West trying to persuade Russia to grant asylum to Assad; Moscow refusing [updated]

Western countries, primarily the U.S., are taking active steps to persuade Russia to grant political asylum to Syrian President Bashar al-Assad, but Moscow is so far refusing to do so, Kommersant reported on Wednesday citing a Russian diplomatic source.

This absolutely disagrees with "information that has lately been circulated in Western media outlets that Russia has decided to grant political asylum to Bashar Assad and that he has transferred nearly all of his savings to Russia."

"We have no plans to collect Assad," the source told Kommersant.

Another diplomatic source from an unnamed Western country neither confirmed nor denied the information about this proposal supposedly made to Moscow in an interview with Kommersant.

The theme of the Syrian leader's fate is not only coming to the foreground in the standoff in Syria but could become a serious irritant in relations between Russia and the West, the newspaper says.

In fact, Russia and the West's approaches to the Assad problem are not that radically different as one might conclude from the parties' official statements, it says.

The idea of granting political asylum to Syrian President Bashar al-Assad outside Syria, including in Russia, cannot be put into practice, as Assad's emigration would jeopardize the Alawi religious community, which the Assad family has traditionally headed, says Alexei Makarkin, a first vice president of the Center of Political Technologies.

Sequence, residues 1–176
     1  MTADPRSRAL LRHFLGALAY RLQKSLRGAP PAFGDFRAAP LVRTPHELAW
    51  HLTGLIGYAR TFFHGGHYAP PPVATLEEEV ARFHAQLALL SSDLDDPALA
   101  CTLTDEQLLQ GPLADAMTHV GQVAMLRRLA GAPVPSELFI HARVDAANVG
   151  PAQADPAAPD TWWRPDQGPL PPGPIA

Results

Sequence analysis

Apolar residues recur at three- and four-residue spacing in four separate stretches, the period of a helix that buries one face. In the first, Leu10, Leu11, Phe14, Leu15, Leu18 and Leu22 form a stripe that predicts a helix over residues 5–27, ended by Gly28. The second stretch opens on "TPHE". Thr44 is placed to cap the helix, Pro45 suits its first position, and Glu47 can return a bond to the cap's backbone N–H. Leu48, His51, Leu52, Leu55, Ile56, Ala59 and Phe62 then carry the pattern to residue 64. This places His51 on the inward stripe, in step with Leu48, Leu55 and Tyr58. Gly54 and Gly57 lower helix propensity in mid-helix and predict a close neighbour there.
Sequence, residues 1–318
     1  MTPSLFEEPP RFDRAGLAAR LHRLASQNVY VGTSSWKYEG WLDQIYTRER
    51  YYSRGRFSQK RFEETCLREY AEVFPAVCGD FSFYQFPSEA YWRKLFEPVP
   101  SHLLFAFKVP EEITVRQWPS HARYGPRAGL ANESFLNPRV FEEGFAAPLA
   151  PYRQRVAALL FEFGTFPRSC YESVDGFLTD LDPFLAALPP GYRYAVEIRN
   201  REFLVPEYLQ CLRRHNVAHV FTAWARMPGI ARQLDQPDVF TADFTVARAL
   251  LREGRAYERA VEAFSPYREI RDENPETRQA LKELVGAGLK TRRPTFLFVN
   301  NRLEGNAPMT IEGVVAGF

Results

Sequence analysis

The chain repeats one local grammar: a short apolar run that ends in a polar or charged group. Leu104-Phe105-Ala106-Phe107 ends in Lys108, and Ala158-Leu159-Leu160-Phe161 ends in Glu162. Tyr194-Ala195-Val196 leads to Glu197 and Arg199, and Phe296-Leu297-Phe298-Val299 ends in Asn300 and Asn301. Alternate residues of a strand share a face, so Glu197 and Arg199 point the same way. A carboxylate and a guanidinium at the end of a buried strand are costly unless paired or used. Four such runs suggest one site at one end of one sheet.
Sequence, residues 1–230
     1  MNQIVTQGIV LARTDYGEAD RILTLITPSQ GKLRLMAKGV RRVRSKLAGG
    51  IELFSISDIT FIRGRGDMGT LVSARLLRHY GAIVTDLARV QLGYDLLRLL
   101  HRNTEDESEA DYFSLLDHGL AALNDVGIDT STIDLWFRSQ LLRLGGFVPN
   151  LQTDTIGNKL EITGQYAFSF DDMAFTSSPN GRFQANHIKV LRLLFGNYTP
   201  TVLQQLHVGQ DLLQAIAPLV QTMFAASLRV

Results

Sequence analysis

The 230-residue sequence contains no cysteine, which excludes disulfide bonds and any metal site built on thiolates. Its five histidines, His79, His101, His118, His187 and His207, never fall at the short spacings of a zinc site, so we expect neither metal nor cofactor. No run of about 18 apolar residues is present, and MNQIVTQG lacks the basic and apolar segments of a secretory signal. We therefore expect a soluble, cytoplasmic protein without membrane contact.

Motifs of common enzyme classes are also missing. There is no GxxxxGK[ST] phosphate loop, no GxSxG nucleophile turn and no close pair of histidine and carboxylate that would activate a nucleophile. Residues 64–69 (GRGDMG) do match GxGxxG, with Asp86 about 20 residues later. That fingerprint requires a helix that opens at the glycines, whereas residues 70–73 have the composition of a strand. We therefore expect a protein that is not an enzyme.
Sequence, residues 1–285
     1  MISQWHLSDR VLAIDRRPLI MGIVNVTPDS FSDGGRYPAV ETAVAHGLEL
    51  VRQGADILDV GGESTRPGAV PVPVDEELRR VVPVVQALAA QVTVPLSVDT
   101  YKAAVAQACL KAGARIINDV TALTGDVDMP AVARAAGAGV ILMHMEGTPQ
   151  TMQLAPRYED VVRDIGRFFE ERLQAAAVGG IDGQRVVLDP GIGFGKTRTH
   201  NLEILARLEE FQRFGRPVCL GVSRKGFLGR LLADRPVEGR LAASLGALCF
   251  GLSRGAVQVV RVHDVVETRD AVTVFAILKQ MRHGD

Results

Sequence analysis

"I think Bashar al-Assad would decline such a proposal if he receives one," Makarkin told Interfax on Wednesday.

The Syrian leader cannot afford to leave the country, as this would put the Alawi community in a very difficult situation, Makarkin said. "The Assad family traditionally heads the Alawi community, which, in turn, wields huge influence in the armed forces and other security bodies. If Assad goes, the Alawis will lose their influence. Such a notion as the loss of influence has a very categorical meaning in the Middle East," he said.

If Assad emigrates, "nobody would even talk about the Alawis retaining their privileges. No one in the West can guarantee that no repressions would be started against the Alawis," he said.

 Assad is in quite a difficult situation, as he is experiencing pressure from all sides, Makarkin said. "Assad's supporters are criticizing him for excessive pliability, while Moscow is mildly expressing its discontent with the Syrian president's lack of flexibility," he said.

The West would actually welcome it if Russia granted political asylum to Assad, Makarkin said. "The West is interested in this. This would help form a government promoting the West's interests in Syria," he said.

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